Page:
Apple 12.9 inch Magic Keyboard
Apple

If you have a keyboard for your Apple iPad or iPad Pro, you can get more out of the experience if you know a handful of the most useful keyboard shortcuts. Here are some of our favorites.

Table of Contents

The Basics
    System Shortcuts
    Text Editing
App-Specific Shortcuts
    Safari
    Pages
    Mail
    Notes
    Maps
    Files
A Built-in Cheat Sheet

The Basics

Just like a Mac, the iPad includes a slate of basic keyboard shortcuts that work with every app. They help you navigate iPadOS, launch apps, and edit text. These are the shortcuts that you’ll probably use most often.

System Shortcuts

  • Command+H: Show home screen
  • Command+Tab: Open app switcher
  • Command+Space: Open Spotlight Search
  • Option+Command+D: Show Dock
  • Shift+Command+3: Take a screenshot
  • Shift+Command+4: Take a screenshot and edit

Text Editing

  • Command+C: Copy
  • Command+X: Cut
  • Command+V: Paste
  • Command+Z: Undo
  • Shift+Command+Z: Redo
  • Command+B: Bold
  • Command+I: Italicize
  • Command+U: Underline
  • Command+A: Select all
  • Command+Up Arrow: Jump to top of the page
  • Command+Down Arrow: Jump to bottom of the page

App-Specific Shortcuts

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On the iPad, each app includes its own custom set of keyboard shortcuts. Some of them are similar between apps, such as Command+F to find or Command+N to open a new document, but others are less obvious. Let’s take a look at some of the most useful ones.

Safari

  • Command+T: Open a new tab
  • Command+W: Close the current tab
  • Command+L: Open URL or search
  • Command+R: Reload page
  • Command+F: Find within current tab
  • Command+[: Go Back
  • Command+]: Go Forward
  • Shift+Command+N: New Private tab
  • Shift+Command+T: Reopen the last closed tab
  • Shift+Command+Backslash (“\”): Show tab overview

Pages

  • Command+N: Create a new document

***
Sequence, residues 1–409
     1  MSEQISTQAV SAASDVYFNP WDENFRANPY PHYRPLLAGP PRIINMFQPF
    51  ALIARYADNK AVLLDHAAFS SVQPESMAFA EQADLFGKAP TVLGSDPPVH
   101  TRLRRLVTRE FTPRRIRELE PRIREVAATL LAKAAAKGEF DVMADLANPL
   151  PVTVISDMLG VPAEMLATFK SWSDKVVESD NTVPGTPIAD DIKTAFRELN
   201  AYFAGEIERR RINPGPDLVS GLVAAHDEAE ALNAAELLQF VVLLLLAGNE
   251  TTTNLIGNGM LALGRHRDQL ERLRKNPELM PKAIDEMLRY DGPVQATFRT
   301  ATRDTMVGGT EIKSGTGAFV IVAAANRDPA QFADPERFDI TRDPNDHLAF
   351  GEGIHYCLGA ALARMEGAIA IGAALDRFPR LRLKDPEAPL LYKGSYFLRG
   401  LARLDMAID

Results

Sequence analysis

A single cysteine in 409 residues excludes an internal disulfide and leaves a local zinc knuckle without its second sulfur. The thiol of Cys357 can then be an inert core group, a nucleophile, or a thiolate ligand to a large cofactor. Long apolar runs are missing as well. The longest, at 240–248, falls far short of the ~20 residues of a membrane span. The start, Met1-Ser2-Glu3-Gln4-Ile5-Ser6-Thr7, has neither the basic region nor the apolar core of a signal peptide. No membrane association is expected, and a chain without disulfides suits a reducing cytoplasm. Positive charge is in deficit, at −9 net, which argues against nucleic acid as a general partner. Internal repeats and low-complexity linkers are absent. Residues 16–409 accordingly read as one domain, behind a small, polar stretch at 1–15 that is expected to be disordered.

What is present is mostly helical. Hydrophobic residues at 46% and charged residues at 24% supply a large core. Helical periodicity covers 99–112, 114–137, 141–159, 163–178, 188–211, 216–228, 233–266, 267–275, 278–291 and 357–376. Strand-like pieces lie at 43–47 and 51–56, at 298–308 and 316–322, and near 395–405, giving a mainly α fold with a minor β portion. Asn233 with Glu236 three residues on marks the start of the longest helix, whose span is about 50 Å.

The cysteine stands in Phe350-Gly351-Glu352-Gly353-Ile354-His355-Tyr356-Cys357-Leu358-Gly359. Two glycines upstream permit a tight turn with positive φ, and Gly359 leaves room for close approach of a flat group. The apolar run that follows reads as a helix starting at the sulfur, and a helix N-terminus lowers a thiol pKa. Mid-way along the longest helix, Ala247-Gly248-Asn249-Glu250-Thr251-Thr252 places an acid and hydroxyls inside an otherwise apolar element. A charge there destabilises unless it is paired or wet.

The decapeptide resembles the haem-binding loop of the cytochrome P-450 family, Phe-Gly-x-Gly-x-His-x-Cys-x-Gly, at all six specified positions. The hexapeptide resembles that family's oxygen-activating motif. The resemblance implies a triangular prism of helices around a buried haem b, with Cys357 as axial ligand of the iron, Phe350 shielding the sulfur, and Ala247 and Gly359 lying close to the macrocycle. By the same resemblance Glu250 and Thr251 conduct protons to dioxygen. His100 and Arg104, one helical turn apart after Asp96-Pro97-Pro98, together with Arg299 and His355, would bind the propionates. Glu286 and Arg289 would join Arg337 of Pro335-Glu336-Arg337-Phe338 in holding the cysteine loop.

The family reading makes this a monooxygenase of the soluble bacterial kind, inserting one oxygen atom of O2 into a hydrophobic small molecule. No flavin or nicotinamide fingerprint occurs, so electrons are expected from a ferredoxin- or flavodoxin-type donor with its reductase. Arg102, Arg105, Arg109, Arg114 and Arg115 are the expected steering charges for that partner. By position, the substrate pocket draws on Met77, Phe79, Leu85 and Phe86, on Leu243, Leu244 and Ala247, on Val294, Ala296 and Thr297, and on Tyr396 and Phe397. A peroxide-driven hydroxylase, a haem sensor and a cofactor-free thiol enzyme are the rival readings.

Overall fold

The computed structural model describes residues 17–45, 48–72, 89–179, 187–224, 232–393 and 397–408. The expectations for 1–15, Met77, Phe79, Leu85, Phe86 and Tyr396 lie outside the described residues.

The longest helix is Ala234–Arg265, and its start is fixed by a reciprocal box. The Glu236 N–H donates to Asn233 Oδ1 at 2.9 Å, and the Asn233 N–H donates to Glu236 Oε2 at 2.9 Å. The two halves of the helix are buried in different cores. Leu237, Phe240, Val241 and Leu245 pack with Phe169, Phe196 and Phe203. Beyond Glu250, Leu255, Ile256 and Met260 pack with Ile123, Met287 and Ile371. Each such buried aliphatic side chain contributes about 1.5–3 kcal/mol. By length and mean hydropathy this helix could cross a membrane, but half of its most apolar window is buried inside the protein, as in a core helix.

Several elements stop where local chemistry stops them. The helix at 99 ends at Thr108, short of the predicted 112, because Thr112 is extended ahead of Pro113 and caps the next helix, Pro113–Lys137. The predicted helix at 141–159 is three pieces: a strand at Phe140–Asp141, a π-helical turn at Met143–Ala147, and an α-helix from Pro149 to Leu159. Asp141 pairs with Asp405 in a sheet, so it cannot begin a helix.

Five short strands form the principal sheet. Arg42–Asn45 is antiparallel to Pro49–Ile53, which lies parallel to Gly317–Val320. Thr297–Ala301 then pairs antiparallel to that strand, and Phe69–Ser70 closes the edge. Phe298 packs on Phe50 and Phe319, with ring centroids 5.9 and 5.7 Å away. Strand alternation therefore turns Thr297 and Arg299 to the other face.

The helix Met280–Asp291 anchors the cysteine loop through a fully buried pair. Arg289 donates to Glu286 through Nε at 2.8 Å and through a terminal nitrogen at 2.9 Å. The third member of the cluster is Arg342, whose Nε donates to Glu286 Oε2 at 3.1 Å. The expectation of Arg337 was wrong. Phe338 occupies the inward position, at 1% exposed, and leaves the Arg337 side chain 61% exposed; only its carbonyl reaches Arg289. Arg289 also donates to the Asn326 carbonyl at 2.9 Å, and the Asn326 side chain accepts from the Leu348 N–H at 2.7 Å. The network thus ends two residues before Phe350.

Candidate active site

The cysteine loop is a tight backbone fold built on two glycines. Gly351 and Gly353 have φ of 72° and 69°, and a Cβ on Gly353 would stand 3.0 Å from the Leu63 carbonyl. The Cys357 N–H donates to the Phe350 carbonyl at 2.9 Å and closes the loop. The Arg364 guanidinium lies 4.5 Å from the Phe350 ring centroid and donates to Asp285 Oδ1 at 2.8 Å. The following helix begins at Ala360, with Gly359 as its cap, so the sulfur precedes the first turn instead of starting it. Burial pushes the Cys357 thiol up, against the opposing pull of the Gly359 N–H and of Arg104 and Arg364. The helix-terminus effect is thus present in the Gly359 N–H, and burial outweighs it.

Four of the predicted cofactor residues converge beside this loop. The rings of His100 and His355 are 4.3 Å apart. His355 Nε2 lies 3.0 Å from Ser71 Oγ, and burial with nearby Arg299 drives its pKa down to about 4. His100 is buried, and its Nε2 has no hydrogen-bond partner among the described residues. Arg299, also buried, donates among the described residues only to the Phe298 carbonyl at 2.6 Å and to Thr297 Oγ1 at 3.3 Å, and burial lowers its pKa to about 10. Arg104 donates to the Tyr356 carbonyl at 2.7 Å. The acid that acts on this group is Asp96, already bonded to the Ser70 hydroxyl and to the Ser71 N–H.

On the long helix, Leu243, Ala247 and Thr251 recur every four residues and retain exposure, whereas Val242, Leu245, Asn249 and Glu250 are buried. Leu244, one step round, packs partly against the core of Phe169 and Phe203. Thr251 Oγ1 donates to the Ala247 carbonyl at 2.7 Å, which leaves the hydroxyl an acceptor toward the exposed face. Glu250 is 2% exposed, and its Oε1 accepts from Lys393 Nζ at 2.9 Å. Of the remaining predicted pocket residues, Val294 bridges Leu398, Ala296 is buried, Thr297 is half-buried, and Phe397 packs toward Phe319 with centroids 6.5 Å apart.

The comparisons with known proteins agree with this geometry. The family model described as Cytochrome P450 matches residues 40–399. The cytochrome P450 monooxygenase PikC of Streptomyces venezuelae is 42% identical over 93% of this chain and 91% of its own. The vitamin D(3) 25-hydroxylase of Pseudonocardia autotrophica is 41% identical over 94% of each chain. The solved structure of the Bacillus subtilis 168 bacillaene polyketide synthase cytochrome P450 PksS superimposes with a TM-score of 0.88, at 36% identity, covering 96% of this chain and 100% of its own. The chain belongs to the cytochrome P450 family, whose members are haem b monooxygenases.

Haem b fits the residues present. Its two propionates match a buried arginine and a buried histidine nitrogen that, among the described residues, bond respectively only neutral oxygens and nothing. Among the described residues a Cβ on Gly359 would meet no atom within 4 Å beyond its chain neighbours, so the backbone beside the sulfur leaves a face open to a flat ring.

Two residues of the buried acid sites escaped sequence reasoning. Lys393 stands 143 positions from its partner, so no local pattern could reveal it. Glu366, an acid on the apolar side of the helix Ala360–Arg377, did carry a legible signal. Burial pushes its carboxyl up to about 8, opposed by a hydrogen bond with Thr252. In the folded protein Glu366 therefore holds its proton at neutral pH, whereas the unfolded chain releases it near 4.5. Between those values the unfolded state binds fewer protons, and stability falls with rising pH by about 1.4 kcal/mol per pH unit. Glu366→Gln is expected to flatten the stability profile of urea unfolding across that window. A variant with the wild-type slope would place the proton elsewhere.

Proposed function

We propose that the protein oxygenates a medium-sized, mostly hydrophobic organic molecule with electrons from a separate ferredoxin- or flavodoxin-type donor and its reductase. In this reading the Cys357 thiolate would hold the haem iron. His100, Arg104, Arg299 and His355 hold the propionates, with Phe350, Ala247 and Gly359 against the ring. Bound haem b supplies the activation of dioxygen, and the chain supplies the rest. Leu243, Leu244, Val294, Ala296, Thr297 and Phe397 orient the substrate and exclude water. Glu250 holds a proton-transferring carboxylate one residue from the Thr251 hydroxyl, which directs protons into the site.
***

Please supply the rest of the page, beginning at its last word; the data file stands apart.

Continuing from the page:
• Command+O: Open an existing document
  • Command+W: Close the current document
  • Command+S: Save the current document
  • Command+P: Print the current document

Mail

  • Command+N: New email
  • Command+Shift+N: New email in a new window
  • Command+R: Reply to an email
  • Shift+Command+R: Reply all to an email
  • Shift+Command+F: Forward email

Notes

  • Command+N: New note
  • Shift+Command+N: New note in a new window
  • Command+D: Delete a note
  • Command+L: Lock current note

Maps

  • Command+T: Show traffic
  • Command+Z: Undo the last map action
  • Command+F: Search for a location
  • Command+D: Add current location to favorites

Files

  • Command+N: Create document
  • Shift+Command+N: Create folder
  • Command+Delete: Delete file
  • Command+F: Find within Files app
  • Command+D: Duplicate file

RELATED: The Best macOS Keyboard Shortcuts You Should Be Using

A Built-in Cheat Sheet

Safari command keyboard shortcut pop-up on iPad

If the big list of shortcuts above seems overwhelming, don’t worry: You don’t need to memorize all of them. iPadOS includes a dynamic “cheat sheet” that lists the most important keyboard shortcuts in each app.

To see the list of available keyboard shortcuts in an app, press and hold the Command key on your physical iPad keyboard until the menu appears on your screen. This overlay menu will change depending on which app you are using, and you can even use it on the home screen. Good luck, and happy keyboarding!

Of course, you’ll need a keyboard to use these shortcuts, and the iPad doesn’t come with one. A keyboard case is one of our favorite iPad accessories. You can also use any Bluetooth keyboard you have laying around.

The Best iPad Accessories of 2022

Best iPad Case
JETech iPad Case
Best iPad Screen Protector
Xiron Paperfeel Screen Protector
Best iPad Pencil
Apple Pencil 2
For Standard iPad Owners
Apple Pencil 1
Best iPad Keyboard
Logitech iPad Keyboard
Best iPad AirPods
AirPods Pro
Profile Photo for Benj Edwards Benj Edwards
Benj Edwards is an Associate Editor for How-To Geek. For over 15 years, he has written about technology and tech history for sites such as The Atlantic, Fast Company, PCMag, PCWorld, Macworld, Ars Technica, and Wired. In 2005, he created Vintage Computing and Gaming, a blog devoted to tech history. He also created The Culture of Tech podcast and regularly contributes to the Retronauts retrogaming podcast.
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